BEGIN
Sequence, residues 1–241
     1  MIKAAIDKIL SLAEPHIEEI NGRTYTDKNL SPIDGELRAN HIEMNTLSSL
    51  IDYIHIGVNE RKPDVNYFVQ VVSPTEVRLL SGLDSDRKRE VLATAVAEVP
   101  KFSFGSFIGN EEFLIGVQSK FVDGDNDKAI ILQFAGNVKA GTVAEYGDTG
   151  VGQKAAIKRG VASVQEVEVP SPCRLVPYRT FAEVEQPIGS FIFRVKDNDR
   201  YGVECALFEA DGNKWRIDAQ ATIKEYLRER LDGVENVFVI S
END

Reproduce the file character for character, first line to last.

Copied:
Sequence, residues 1–241
     1  MIKAAIDKIL SLAEPHIEEI NGRTYTDKNL SPIDGELRAN HIEMNTLSSL
    51  IDYIHIGVNE RKPDVNYFVQ VVSPTEVRLL SGLDSDRKRE VLATAVAEVP
   101  KFSFGSFIGN EEFLIGVQSK FVDGDNDKAI ILQFAGNVKA GTVAEYGDTG
   151  VGQKAAIKRG VASVQEVEVP SPCRLVPYRT FAEVEQPIGS FIFRVKDNDR
   201  YGVECALFEA DGNKWRIDAQ ATIKEYLRER LDGVENVFVI S